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A long-standing request to clarify data irregularities in a 2021 ISCHEMIA substudy resulted in the publication of one correction, with a second correction in the works.

Further, the lone cardiac surgeon on the ISCHEMIA trial steering committee, T. Bruce Ferguson, MD, has resigned from the committee, citing a series of factors including an inability to reconcile data in the substudy and two additional ISCHEMIA papers currently under review.

As previously reported, cardiac surgeons Faisal Bakaeen, MD, and Joseph Sabik III, high dose methylprednisolone for multiple sclerosis MD, notified the journal Circulation in March that the Reynolds et al substudy had inconsistencies between data in the main paper and supplemental tables detailing patients’ coronary artery disease (CAD) and ischemia severity.

The substudy found that CAD severity, classified using the modified Duke Prognostic Index score, predicted 4-year mortality and myocardial infarction in the landmark trial.

Circulation published a correction for the substudy on May 20, explaining that a “formatting error” resulted in data being incorrectly presented in two supplemental tables. It does not mention the surgeons’ letter to the editor, which can be found by clicking the “Q” icon below the paper.

Bakaeen, from the Cleveland Clinic, and Sabik, from University Hospitals Cleveland Medical Center, told theheart.org | Medscape Cardiology that they submitted a second letter to editor on May 23 stating that “significant discrepancies” persist.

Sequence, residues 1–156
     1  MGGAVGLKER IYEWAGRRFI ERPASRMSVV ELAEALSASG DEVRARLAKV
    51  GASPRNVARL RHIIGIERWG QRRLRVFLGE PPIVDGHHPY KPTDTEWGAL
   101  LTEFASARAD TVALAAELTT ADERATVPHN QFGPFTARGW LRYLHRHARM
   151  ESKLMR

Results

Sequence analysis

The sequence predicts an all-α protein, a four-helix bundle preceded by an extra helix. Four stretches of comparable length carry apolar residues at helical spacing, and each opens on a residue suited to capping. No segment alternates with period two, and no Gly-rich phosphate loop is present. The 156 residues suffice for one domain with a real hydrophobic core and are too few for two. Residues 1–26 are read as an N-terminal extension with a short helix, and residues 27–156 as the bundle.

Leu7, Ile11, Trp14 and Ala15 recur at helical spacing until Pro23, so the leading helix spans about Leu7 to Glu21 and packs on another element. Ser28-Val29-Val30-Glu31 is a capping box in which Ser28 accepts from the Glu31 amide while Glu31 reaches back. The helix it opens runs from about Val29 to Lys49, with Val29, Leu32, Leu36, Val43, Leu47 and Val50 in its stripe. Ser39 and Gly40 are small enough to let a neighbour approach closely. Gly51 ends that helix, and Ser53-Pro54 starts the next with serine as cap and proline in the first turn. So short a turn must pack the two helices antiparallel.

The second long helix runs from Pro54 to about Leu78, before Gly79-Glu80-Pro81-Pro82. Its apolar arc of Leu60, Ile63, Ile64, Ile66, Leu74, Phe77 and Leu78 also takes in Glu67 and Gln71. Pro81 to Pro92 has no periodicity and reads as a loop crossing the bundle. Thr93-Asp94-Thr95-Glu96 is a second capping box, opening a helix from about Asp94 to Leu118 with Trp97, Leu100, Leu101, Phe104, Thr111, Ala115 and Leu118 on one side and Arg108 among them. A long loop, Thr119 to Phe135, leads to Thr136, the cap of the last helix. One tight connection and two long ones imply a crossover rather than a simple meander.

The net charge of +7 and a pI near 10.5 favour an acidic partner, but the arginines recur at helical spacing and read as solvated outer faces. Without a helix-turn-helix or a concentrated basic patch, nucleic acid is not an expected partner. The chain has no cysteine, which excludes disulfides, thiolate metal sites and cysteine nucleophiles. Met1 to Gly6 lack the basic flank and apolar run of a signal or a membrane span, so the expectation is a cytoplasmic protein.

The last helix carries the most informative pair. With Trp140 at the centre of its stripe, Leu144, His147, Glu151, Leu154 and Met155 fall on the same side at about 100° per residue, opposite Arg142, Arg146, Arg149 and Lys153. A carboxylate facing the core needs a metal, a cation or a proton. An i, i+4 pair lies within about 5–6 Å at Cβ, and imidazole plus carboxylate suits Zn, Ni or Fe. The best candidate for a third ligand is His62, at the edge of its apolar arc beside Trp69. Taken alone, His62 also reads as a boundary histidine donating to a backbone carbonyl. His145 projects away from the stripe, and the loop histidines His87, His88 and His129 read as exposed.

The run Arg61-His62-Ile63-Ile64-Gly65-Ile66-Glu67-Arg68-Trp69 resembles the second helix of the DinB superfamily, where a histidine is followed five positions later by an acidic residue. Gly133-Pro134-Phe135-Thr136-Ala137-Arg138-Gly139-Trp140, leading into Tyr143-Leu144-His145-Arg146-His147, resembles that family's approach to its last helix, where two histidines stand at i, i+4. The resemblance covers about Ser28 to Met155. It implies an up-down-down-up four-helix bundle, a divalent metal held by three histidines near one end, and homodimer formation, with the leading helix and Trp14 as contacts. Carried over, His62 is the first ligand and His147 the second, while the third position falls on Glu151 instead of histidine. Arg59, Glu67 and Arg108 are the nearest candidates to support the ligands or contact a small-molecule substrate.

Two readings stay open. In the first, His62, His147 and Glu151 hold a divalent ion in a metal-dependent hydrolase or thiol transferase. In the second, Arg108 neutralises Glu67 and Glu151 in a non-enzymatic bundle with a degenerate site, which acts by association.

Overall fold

For example, 7.2% of participants (179/2475) had moderate stenosis in one coronary vessel in the corrected Reynolds paper (Supplemental Tables I and II) vs 23.3% (697/2986) in the primary ISCHEMIA manuscript published in April 2020 in the New England Journal of Medicine (Table S5).

The number of patients with left main ≥ 50% stenosis is, surprisingly, identical in both manuscripts, at 40, they said, despite the denominator dropping from 3845 participants in the primary study to 2475 participants with an evaluable modified Duke Prognostic Index score in the substudy.

The number of participants with previous coronary artery bypass surgery (CABG) is also hard to reconcile between manuscripts and, importantly, the substudy doesn’t distinguish between lesions bypassed with patent grafts and unbypassed grafts or those with occluded grafts.

“The fact that the authors are working on a second correction is appreciated but with such numerous inconsistencies, at some point you reach the conclusion that an independent review of the data is the right thing to do for such a high-profile study that received over $100 million of National Institutes of Health support,” Bakaeen said. “No one should be satisfied or happy if there is any shadow of doubt here regarding the accuracy of the data.”